#7
tomahawk6 said:
Let's see when Saddam was in power butchering Kurds and Shia, who comprise 80% of the population, that was ok. But now that less than 20% of the population has opposed majority rule its a civil war ? The Sunni's are openly split. More are working with the government as they see a political solution as being better than the alternative. The die hards continue to attack the shia and seem to be attacking US forces less. US combat deaths are way down this year compared to the past which would mark this shift in terrorist strategy.
Not so long ago, the insurgents were essentially categorised as 'foreign fighters'. The very fact that the US is engaging in a debate as to whether this is, or is not, a civil war suggests that they are at last coming round to the fact that 'most' of the violence is, and always has been, Iraqi v Iraqi (i.e. civil war) or Iraqi v Coalition (anti-occupation). Only a relative handful of, but very media prominent, individuals were/are 'foreign'.

PS. Who said it was 'OK' for Saddam to 'butcher' Kurds and Shias?
PPS. Two wrongs don't make a right.
 
#8
tomahawk6 said:
Let's see when Saddam was in power butchering Kurds and Shia, who comprise 80% of the population, that was ok. But now that less than 20% of the population has opposed majority rule its a civil war ? The Sunni's are openly split. More are working with the government as they see a political solution as being better than the alternative. The die hards continue to attack the shia and seem to be attacking US forces less. US combat deaths are way down this year compared to the past which would mark this shift in terrorist strategy.
There is inter confessional and inter ethnic bloodletting going on and it is all the fault of the Sunnis? A rather harsh view considering that one of the main complaints of the Sunnis is that the Ministry of the Interior controlled by hard line Shiites are sending out death squads against the Sunnis. Thought the invasion was supposed to stop government agencies from terrorising the civilian population.
Also what about places like Mosul and Kirkuk where non-Kurds don’t seem to be happy either with the actions of the Kurdish dominate forces, something about Kidnappings, killings and expulsions carried out by government agencies.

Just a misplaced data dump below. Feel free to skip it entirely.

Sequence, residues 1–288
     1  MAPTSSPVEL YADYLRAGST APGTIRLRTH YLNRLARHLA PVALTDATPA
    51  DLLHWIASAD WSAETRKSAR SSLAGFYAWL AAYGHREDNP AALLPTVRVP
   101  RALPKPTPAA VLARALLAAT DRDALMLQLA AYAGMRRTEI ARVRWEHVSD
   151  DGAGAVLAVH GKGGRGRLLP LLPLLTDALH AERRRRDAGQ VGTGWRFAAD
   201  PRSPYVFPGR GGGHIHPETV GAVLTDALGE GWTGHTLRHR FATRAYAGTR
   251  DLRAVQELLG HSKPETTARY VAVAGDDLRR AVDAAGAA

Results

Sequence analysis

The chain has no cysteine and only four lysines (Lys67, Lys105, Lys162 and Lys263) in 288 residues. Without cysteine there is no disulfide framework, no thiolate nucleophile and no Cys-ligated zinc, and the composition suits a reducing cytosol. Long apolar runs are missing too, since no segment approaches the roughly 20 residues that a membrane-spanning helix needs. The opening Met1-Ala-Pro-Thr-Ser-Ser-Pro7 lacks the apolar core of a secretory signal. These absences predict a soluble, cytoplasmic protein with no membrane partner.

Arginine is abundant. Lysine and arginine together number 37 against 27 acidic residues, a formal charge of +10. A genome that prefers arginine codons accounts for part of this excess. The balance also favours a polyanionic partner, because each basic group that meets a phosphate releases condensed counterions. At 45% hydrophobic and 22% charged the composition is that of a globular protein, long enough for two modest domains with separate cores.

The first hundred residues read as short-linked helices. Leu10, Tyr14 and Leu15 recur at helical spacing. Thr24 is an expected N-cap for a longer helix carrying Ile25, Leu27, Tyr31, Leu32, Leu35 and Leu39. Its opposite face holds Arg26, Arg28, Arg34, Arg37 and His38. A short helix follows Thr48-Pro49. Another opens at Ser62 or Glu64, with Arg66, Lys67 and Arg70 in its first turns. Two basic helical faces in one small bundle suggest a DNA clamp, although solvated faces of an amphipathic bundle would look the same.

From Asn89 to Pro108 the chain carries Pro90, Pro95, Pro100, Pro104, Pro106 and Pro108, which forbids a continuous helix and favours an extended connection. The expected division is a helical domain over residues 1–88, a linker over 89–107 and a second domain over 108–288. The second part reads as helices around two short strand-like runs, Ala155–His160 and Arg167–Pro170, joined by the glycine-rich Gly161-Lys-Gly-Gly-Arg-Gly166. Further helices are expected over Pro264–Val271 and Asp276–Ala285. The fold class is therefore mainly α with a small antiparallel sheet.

You also seem to forget that you don’t need to be a majority to start a civil war – you just have to make sure that some others join in! :roll:
 
#10
tomahawk6 said:
The following is a good read from strategypage. If the Sunni's stopped fighting it would all be over. AQ has demoted Zarqawi and an Iraqi Sunni now is in military command, hence the targeting of shia mosques instead of random street bombings that kill Sunni's as well as shia. I think that if the Sunni's dont stop fighting there wont be many of them left in Iraq.

http://www.strategypage.com/qnd/iraq/articles/20060410.aspx
It could be said that the removal of the Jordanian Zarqawi actually shows that the sunni insurgents are actually confident about their position in the Iraqi political sphere (maybe the Americans talking to them has increased their collective confidence) they want to be seen a cogent Iraqi (nationalist) political force.

I think that if the Sunni's dont stop fighting there wont be many of them left in Iraq.
:roll: Riiight, that happens there wont be anything left of Iraq.
 
#11
tomahawk6 said:
I think that if the Sunni's dont stop fighting there wont be many of them left in Iraq.
Don't you just love the logic...

"We've got more bullets and bombs than you've got bodies. So we're going to win!"

How to win friends and enemies the american way! :wink:
 
#12
tomahawk6 said:
The following is a good read from strategypage.
A contradiction in terms.
 
#13
From Zee News

Riyadh, Apr 09: Saudi Foreign Minister Prince Saud al-Faisal said today that the violence in Iraq could only be described as a civil war and Arab states should try to bring Iraqis together to stop the strife.

"The definition of civil war is that the people (of a country) are fighting each other ... I don't know what we can call (what is happening) in Iraq except a civil war," he told reporters.
Strange (or maybe not) that two of America's closest arab allies have come out with similar statements (albeit with Saud Al Faisal not making the comments about the shiites being more loyal to Iran) telling reporters that it was essential that american troops should saty. Maybe its just a belief in the Colin Powell 'Pottery Barn Rule'?